Debris may also end up in the ocean from land, for example litter, and runoff from stormwater drains. Finfish and shellfish farmers monitor and remove marine debris from nominated shorelines through an ‘Adopt a Shoreline’ initiative. The Government also participates in shoreline clean up activities. This helps to ensure that any debris, whether marine farming related or not, is collected and Tasmania’s coastline is protected.  

    In undertaking these activities, it is important to ensure that any sensitive bird breeding habitat is not impacted, and request that companies seek advice from BirdLife Tasmania prior to any targeted marine debris removal from sensitive bird breeding habitat during breeding season.  BirdLife Tasmania has provided guidance on where and when shorebirds may be most vulnerable and general operational limits are now in place from September 1st – March 31st with some shoreline areas classified as 'avoid disturbance' and others as 'minimise disturbance – seek advice'. As such, corresponding 'effort' through these periods may appear reduced in some marine farming areas.  Refer to the LISTmap layer ‘Bird breeding habitat and access recommendations’ for further information, which you can access here.

    Operations and activities specific to the Marine Debris Clean ups program during Q1 and Q2 2020 were impacted by restrictions put in place as a result of the COVID-19 Pandemic.

    Data from the current monitoring period

    Quarter 2, 2023

    Length of coastline surveyed (km)​Time spent surveying (hrs)Volume collected (m3)% attributable to fish farming
    13.0024.000.1020.00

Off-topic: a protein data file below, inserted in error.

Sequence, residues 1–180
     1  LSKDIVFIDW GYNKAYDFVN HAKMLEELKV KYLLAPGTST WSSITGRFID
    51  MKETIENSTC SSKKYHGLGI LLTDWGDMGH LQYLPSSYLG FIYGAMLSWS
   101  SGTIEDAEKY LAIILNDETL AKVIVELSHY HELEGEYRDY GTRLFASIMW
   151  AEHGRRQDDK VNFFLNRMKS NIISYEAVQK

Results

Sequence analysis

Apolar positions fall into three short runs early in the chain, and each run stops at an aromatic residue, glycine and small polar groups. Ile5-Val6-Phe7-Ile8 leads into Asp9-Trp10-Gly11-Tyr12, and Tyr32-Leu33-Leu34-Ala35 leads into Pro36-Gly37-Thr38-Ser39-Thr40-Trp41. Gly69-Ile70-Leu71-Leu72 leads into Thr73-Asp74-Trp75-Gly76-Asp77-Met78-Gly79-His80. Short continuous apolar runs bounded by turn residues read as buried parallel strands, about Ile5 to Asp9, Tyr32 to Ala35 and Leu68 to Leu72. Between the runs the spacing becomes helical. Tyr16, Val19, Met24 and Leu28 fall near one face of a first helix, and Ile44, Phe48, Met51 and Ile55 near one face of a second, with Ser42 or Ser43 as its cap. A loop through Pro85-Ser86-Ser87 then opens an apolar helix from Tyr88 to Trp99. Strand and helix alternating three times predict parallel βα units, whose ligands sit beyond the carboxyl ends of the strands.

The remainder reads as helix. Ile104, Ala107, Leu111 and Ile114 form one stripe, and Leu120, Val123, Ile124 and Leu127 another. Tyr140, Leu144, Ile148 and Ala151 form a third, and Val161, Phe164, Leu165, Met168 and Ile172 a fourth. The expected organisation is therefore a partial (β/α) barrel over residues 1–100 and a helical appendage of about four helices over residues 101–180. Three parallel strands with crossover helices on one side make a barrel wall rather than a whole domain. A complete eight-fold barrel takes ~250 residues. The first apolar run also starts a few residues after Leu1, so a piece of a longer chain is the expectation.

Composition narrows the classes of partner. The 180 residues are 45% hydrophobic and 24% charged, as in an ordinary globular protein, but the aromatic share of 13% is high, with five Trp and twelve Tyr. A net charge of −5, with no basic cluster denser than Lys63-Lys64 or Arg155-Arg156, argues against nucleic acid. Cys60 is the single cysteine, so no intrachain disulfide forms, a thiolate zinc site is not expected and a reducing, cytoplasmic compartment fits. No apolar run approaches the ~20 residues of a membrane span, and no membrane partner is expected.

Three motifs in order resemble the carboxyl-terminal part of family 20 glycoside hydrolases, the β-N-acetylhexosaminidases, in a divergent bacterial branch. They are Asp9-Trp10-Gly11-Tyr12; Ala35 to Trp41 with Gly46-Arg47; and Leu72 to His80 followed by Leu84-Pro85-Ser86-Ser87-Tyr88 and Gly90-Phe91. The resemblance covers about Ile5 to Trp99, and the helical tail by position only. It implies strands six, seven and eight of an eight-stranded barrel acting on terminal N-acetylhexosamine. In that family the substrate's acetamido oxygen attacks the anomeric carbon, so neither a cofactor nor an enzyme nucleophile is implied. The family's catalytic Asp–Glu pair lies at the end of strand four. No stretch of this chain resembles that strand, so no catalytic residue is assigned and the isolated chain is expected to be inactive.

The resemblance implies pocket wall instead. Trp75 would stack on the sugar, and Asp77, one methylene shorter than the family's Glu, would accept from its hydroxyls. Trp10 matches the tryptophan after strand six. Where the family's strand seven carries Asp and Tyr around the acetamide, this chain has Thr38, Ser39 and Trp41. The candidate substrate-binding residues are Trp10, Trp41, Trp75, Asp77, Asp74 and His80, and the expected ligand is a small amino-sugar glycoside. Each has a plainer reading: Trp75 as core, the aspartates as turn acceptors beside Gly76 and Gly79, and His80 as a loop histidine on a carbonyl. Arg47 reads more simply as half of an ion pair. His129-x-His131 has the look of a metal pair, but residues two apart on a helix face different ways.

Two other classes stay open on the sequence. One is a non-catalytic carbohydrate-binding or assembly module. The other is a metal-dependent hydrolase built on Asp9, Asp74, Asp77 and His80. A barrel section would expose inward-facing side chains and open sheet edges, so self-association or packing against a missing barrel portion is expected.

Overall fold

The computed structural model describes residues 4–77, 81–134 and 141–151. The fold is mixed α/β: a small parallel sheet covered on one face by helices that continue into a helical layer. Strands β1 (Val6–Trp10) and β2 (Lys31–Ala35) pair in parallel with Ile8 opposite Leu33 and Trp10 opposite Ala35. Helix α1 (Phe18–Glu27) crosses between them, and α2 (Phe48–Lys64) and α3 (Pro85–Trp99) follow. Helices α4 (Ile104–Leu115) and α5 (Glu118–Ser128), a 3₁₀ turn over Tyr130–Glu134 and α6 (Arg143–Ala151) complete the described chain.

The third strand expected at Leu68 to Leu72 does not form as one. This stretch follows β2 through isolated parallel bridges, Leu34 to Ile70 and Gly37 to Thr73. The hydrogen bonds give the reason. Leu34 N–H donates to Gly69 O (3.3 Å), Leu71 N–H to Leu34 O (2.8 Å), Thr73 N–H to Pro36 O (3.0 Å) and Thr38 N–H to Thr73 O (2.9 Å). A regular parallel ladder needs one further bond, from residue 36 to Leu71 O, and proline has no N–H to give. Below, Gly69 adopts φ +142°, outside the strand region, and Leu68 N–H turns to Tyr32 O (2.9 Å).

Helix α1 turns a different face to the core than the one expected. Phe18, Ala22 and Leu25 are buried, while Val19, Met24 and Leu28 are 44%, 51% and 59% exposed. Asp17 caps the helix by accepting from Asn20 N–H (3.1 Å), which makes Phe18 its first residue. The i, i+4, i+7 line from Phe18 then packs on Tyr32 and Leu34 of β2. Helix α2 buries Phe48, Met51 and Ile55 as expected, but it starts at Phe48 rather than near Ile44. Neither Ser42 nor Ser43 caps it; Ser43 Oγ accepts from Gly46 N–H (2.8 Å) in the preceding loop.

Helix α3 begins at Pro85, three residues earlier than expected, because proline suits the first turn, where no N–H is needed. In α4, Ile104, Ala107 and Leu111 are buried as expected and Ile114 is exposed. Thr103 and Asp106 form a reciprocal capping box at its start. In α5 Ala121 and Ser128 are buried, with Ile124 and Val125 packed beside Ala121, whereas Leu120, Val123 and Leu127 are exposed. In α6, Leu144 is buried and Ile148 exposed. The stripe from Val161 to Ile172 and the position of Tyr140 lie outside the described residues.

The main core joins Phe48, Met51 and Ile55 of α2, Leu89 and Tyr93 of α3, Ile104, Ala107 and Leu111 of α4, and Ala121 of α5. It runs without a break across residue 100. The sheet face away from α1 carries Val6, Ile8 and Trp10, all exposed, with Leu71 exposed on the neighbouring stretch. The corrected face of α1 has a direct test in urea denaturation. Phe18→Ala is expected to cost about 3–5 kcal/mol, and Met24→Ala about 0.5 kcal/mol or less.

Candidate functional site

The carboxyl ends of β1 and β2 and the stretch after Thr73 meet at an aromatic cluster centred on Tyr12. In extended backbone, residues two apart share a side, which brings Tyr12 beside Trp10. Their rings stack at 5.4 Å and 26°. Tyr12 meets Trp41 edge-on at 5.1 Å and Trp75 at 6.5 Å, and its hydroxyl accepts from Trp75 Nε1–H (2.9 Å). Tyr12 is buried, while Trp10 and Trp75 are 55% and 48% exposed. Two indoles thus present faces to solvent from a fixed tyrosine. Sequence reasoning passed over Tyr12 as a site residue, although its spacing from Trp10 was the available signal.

Marine Farming Equipment Register

    The Government has developed an equipment identification register with the three salmon companies to enable ownership of debris to be established. Companies have assisted in this regard with gear marking and colour coding of equipment for identification purposes. The register is a statewide register of equipment.

    ​Company​Marine farming equipment register provided?
    ​Tassal​Y
    ​Huon​Y
    ​Petuna​Y

    ​Fish escapes notified to NRE

    Salmon farmers must not release into Tasmania’s waters any fish unless authorised to do so. If fish are released this is a breach of their licence and operators must notify Government.

    The table below shows which companies have reported fish escapes to Government. Sometimes companies fail to report fish escapes, and this is a breach of their licence and they may be penalised.


    Data from the current monitoring period

    Quarter 2, 2023

    HuonN


  • Production

    ​​​​​​​​​​​​​​​​​​​​​​​​​HOG Weight

    HOG Weight refers to the weight of a fish “Head On Gutted” and is how companies and the market refer to the weight of fish in a commercial setting.

    * Company specific production data is published on this site on a financial year basis.  Release of company specific production information for the 2022-23 financial year will occur after 1 July 2024.


    Number of tonnes produced state-wide

    Company ​FY2020/21 
    FY2021/22  
    FY2022/23
    Tassal
    38,721
    ​38.956
    *
    Huon Aquaculture​37,264
    ​30,277
    *
    Petuna​7,071
    ​8,713
    *

    ​​​​​​​​​​​​​​​​​​​​​​Employment Data

    ​Each company employs staff across Tasmania on both a permanent and casual basis.  

    Number of Permanent staff state-wide​

    ​Company
    ​​Current reporting period (Quarter 2, 2023)
    ​2022 (average)
    ​2021 (average)
    ​Tassal
    878
    ​895
    ​854
    ​Huon Aquaculture
    804
    ​768
    734
    ​Petuna
    159
    ​167
    ​186


     

    Number of Casual staff state-wide

    ​Company
    ​​Current reporting period
    (Quarter 2, 2023)
    ​2022 (average)
    ​2021 (average)
    ​Tassal
    207
    ​135
    ​154
    ​Huon Aquaculture
    ​95
    ​26
    ​22
    ​Petuna
    ​11
    ​13
    ​12